Len Brown's mistake was in making it impossible for us not to know he made it. We need more from our politicians.
So there's been a (shock! horror!) revelation that a late-fifties man who fills an office of some power and public attention has had an affair with a (much) younger woman who felt a frisson of excitement at the relationship's illicit nature and was flattered by the attention that he lavished on her. Then, after the affair ended, she apparently has become somewhat bitter about the whole experience, and has chosen to layout its details in a somewhat sordid fashion. And now we're all sharks feeding off that chum, whether we like it or not.
In other words, the thing that has happened countless times before has happened again. So is there anything really new or interesting we can say about it?
Probably not. But seeing as everyone else is talking, here's my ten cents worth.
First, the very fact that this story is such a cliche ought not to lead us to deny the very real human hurt behind it. Living in the reflected glare of a man who (albeit for good intentions) seeks the public spotlight must be hard. Having to suffer through the pain of famial betrayal and exposed lies whilst that spotlight continues to shine must be near intolerable. And for all I know, the behaviour of Bevan Chuang may also be covering a deep hurt at the loss of a relationship she actually treasured.
These are real people, not just names in the newspaper. That matters.
Second, Len Brown has fallen short of the standard of behaviour I'd like to see in a public official, in that he gave way to temptations he ought to have been able to resist. I don't by any means think those in public power ought to be ascetic saints, who turn their backs on all the delights the world has to offer. For instance, the regular tut-tutting over Ministerial travel bills and parsing of expense claims often degenerates into puritanical silliness. And sure, the heart wants what the heart wants, so we shouldn't be too quick to judge other people's sexual peccadillos.
But for all that, when you're the mayor of New Zealand's largest city and have the added responsibility of being a husband and father, to pursue a lengthy affair in circumstances where it's almost inevitable that your actions will become general knowledge displays either an unattractive hubris or a disappointing lack of plain common sense. Serving the public means being able to think through the consequences of your actions and sometimes saying "no" to things that you really, really want.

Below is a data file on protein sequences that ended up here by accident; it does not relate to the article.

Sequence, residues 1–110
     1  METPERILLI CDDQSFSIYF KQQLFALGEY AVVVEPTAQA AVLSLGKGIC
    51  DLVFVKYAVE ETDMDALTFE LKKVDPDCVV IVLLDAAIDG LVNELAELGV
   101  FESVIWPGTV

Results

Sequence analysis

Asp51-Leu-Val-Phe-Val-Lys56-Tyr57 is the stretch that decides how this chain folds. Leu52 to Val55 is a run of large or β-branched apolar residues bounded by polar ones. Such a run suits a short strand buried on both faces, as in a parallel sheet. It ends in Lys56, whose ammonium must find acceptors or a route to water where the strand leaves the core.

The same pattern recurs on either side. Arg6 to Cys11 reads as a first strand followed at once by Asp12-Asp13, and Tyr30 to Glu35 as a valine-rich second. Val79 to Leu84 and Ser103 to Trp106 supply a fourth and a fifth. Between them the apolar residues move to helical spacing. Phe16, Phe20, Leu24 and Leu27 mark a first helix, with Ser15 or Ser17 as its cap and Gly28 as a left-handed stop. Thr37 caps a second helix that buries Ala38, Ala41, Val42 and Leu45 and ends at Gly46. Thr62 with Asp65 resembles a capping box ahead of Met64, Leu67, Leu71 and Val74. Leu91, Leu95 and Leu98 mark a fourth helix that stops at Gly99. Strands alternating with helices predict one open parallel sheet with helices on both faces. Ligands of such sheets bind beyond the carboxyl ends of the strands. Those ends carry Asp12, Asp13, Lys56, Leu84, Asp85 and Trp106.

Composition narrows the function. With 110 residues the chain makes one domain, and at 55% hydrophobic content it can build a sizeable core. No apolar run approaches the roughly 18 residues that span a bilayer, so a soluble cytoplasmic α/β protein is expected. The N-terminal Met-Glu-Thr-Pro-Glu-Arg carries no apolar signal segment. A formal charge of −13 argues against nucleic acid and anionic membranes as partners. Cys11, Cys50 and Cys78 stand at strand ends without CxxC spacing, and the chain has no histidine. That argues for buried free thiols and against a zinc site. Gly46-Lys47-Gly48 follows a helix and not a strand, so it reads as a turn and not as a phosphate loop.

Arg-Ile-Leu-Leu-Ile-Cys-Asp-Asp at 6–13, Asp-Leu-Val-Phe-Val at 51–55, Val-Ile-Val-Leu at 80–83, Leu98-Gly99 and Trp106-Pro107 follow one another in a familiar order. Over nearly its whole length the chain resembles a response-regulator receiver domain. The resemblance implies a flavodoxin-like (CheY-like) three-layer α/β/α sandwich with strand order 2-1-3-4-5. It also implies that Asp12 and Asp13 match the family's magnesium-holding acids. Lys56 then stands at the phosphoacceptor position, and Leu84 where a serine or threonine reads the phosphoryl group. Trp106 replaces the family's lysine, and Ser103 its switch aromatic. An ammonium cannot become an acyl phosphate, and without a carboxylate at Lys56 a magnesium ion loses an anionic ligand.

With those caveats in place, here's why Len Brown will stay on as mayor of Auckland.
The most important reason is that he wants to. Whatever damage the affair (and its subsequent revelation) have wrought in his private life, he isn't even saying that he'll take time to consider his public position. So there will be no voluntary stepping down to spend more time with the family in this case.
Furthermore, the Council that he leads is not going to push him out - either by formal means (although there's probably no way that it could do so, anyway) or through an informal removal of confidence and support. On nine-to-noon today, Katherine Ryan canvassed the views of a number of the Council's heavy hitters: Penny Hulse, Penny Webster, George Wood and Arthur Anae. The closest she could get any of them to saying that Brown should step down was George Wood's claim that it was a matter for Brown to consider himself ... but the affair wouldn't stop him doing the job of Mayor. The other three were unhesitatingly supportive of Brown continuing.
If that's as harsh as the criticism of Brown gets (and remember, as the titular leader of the old Citizens and Ratepayer's bloc, Woods is one of Brown's main opponents), then he's going to be able to stay on.
And that is a good thing, too. For all Brown's actions were dumb at a public level and sad at a private one, this shouldn't be a sacking offence. Len Brown as a political figure isn't any different today than he was yesterday morning, before the story started getting reported.
So what, then, if anything do we learn from this sorry saga?
Public figures need to understand that the way things work in New Zealand has changed. Now that blogs can set the news agenda, and bloggers of limited ethical capacity control those blogs, the portals of publicity have been considerably widened.
As such, the "what will this look like if it's on the front page of the paper?" question needs to be asked in a whole lot more situations. Which means that public figures need to start being even more discreet and calculating than they were before.
That isn't (just) a call for greater hypocrisy on the part of our political leaders. It's a recognition of a new rule of political life. We want you to have private lives, in which you can be human beings (with all the foibles and missteps that that brings). But the walls around those public lives are now a lot lower, with a whole lot more people trying to peer over them.
So, please - for your sake and ours - make it possible for us not to know.